The Whistling Season
When Paul’s widower father decides to answer an advertisement in the Westwater Gazette (“Can’t cook but doesn’t bite: Housekeeping position sought by widow…salary negotiable but must include railroad fare to Montana locality”), he and his brothers have no idea how much their lives will change. The Milliron family lives at Marias Coulee, where drywater farming is the order of the day. It is autumn, 1909. Paul, the eldest son, is the scholar of the family, and comprises half of the 7th grade local one-room schoolhouse. Paul narrates this beguiling tale of how Rose, the “A-1” housekeeper of the advertisement, and Morrie, her brother who arrives unexpectedly with Rose, fit into the life of the community, and their family. Life for the three boys centers on the schoolhouse, and when the schoolmistress unexpectedly leaves and Morrie is pressed into service, amazing things happen.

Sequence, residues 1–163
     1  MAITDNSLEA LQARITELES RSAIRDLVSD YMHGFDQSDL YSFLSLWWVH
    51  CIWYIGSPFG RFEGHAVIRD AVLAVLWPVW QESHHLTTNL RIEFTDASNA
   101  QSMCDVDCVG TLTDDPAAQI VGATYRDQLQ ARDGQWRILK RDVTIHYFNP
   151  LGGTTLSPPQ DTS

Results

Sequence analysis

Paul narrates this story many years later, when Sputnik has challenged the quality of teaching occurring in America’s schools, especially in those remaining one-room schoolhouses still to be found in less populous areas. Paul Milliron, State Superintendent of Schools – the youngest in the nation when he was first elected – is facing a difficult decision about closing these rural schools. However, the extraordinarily vivid storytelling throws readers headlong into those heady days of 1909 and 1910, without the gap in time dimming or diluting the tale.
This was the first book I’d read by Doig, but I was so enchanted by the Milliron family, Rose and Morrie, the depiction of the local landscape, and the author’s lyrical writing that I’ve already decided on the next book of his that I’ll lose myself in.